Pubdate: Mon, 14 Apr 2008
Source: Ft. Worth Star-Telegram (TX)
Copyright: 2008 Star-Telegram Operating, Ltd.
Author: Alex Branch
Bookmark: (Treatment)


HURST -- At some point every year, Dolores Sutter looks over her
lectern at the faces in her classroom and asks, "How are you going to
take care of yourself?"

The faces range from late teens to middle-aged.

"How is it going to affect you when you see a person relapse who
you've been working so hard to help?"

It's an important question for these future drug- and
alcohol-addiction counselors studying at Tarrant County College's
Northeast Campus in Hurst. They will soon enter a field with clients
who have roughly a 10 percent success rate -- statistics say 9 of 10
addicts will relapse at some point during recovery.

If police are the soldiers in the war on drugs, then treatment
counselors are the medics, marching bravely into hostile, chaotic
territories to help, to heal, to save.

And for 28 years, Sutter has been a general, training students using a
curriculum she wrote for the college and preparing them for the
triumphs and disappointments of addiction treatment.

"I'm the eternal optimist -- I was injected with Pollyanna juice at
birth," Sutter said. "But you have to remember the statistics and rate
of relapse. And you have to keep that in front of you at all times so
you don't become discouraged."

'Inspired so many'

In her classroom, Sutter is energetic, talking with her hands and
pacing behind the lectern. Spirited class discussions are plentiful.

"Sometimes it feels like we're doing a large counseling session,"
Sutter said, laughing. "We encourage students to get to know each
other and build a support system among themselves. They will need it."

Sutter developed the Mental Health Program and Chemical Dependency
Counseling Training Program in 1982 while teaching in the college's
child development program. During its creation, Sutter met with the
heads of area social service agencies and hospitals and asked what
skills, expertise and certifications were needed in Tarrant County.

Chemical dependency counseling, they kept telling her.

Today, the program graduates about 45 students a year, a quarter of
whom usually go directly into addiction counseling. Almost all the
counselors in Tarrant County went through the program; many others
work in other parts of Texas.

"I applied for a job at a treatment center, and as soon as I told them
where I went to school, they said, 'Oh, how is Dolores?'" said Pam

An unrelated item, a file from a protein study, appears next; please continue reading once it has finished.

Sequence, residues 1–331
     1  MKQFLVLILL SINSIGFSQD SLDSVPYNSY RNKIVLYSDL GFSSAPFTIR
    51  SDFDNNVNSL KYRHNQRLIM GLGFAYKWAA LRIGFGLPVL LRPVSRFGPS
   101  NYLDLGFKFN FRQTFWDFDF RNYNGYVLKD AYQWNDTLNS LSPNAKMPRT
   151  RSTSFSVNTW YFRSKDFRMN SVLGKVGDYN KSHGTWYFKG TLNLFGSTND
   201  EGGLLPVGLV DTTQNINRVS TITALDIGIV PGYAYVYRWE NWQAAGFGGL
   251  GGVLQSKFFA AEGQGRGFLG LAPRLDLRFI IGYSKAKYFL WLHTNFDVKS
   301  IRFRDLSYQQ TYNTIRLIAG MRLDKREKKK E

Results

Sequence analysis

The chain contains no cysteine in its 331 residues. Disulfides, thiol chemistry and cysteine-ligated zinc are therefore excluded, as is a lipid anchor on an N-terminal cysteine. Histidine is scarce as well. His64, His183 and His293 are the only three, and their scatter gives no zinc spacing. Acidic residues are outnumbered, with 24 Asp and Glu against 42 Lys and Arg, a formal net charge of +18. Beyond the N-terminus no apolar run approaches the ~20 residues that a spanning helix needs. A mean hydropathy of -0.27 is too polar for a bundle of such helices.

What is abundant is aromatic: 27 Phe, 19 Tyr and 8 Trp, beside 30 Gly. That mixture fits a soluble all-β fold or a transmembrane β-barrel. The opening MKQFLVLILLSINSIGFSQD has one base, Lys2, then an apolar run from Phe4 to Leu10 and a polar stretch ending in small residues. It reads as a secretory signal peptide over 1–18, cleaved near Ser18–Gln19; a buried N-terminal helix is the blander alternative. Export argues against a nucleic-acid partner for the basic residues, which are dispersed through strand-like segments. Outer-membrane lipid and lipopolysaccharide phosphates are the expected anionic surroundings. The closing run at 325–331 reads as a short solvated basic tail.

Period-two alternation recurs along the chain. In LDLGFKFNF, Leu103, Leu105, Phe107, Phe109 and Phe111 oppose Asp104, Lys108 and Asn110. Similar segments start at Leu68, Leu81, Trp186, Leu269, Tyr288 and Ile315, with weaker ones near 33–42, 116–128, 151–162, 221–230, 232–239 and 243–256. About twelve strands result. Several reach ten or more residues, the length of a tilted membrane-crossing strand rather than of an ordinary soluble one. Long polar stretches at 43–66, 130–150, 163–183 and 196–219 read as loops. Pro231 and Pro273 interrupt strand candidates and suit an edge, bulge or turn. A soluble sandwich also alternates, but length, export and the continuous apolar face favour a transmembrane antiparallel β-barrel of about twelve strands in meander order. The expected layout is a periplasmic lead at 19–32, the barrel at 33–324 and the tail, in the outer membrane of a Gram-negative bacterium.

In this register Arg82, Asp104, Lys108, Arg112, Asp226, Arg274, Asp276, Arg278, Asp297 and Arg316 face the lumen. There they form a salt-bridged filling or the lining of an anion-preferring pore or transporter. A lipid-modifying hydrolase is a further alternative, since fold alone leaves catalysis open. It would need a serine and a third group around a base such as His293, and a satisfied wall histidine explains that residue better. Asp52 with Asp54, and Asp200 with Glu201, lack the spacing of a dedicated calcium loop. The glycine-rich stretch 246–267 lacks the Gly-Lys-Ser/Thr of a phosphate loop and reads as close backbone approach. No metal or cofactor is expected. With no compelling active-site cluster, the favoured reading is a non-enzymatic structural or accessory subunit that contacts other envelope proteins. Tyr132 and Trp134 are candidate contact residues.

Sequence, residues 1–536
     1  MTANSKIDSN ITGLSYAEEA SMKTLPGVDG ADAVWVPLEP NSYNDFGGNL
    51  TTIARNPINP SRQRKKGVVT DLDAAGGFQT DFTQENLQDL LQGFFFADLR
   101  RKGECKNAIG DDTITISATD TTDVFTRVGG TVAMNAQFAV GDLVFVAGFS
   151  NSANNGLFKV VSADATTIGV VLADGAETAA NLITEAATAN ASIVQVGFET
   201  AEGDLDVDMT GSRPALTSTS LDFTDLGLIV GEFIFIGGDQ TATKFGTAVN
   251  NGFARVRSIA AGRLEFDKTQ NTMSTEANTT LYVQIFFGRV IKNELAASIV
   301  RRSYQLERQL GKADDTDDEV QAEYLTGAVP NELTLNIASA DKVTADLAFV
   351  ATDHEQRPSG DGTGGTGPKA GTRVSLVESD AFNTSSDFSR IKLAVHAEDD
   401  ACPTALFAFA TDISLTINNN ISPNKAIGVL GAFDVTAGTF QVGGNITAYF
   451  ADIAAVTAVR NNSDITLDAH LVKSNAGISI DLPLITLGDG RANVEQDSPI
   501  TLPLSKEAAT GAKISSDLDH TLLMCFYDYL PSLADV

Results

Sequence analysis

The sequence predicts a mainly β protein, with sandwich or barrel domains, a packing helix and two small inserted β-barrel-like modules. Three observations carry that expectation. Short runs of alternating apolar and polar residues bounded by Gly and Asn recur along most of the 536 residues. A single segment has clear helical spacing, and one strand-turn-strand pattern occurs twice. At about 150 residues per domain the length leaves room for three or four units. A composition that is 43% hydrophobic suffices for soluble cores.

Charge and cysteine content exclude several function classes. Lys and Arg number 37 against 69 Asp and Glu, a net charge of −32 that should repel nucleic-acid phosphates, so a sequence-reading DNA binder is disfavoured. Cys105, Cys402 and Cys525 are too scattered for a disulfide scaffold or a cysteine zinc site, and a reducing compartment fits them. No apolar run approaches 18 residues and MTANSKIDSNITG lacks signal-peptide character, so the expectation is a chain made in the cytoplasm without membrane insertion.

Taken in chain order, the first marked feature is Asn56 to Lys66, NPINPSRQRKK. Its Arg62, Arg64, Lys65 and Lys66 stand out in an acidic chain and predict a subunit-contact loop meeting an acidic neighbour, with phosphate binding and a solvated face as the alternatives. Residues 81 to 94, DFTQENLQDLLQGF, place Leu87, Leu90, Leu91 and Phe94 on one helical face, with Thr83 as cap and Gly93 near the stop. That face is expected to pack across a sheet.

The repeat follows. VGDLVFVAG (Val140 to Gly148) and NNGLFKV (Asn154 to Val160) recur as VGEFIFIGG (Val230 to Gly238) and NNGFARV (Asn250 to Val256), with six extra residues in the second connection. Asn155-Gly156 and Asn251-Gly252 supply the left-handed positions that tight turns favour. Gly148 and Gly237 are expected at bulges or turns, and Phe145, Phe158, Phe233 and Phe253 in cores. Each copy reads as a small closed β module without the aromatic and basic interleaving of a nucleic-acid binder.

Karnes, 49, who will graduate in May. "Everyone knows her because
she's inspired so many people to do the work."

Some students are recovering alcoholics or drug addicts. Some had
relatives with addictions. Others simply want to help people. This
isn't a career in which to get rich; new counselors typically make
$28,000 to $32,000 a year

"I had worked at a number of jobs, and many of them, regardless of the
pay, left me feeling I was not really making a difference," said
student Michael Ryan, 44. "I felt like I was always just earning a
paycheck after eight hours of work ... and at no point doing anything
meaningful for myself or another person."

'Pill-driven society'

And in the wake of what often feels like an overwhelming drug problem
in America, inspiration is key.

In 28 years, Sutter has watched addiction and treatment evolve.
Technology has improved; more research has been done on the brain and
the effects of addiction. Also, more addicts in treatment are younger,
in their teens and early 20s.

"They're hitting rock bottom earlier," Sutter said.

One reason could be the surge in prescription drug abuse, she

"I believe our society is very much a pill-driven society," Sutter
said. "And unfortunately, you do not know if you are going to have the
gene or genetic disposition to the disease [of addiction] until you
are introduced to the drug.

"Perhaps it has to do with our brains being introduced to those
chemicals sooner."

At the same time, treatment options have regressed. From 1985 to 1995,
treatment was readily available, she said. Then came increased
attention on "managed care," and insurance companies cracked down on
time and money patients can spend on treatment.

It takes most addicts at least a year -- including detox, 28-day
programs and aftercare -- to reach the point where they can recover
and remain sober, she said. Anything less, and the chance of recovery
grows even smaller.

Which recalls the original question: How do you stay motivated in a
field where 9 of 10 people you try to help relapse?

How does she do it?

The answer, she said, is that 10th person. The one who makes

"A student calls me and tells me they are counseling someone who has
made it, who has truly changed their lives," Sutter said, eyes
twinkling. "And they say, 'I used something you taught us in class --
and it worked.'

"That is what fills your heart and keeps you going."
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MAP posted-by: Larry Seguin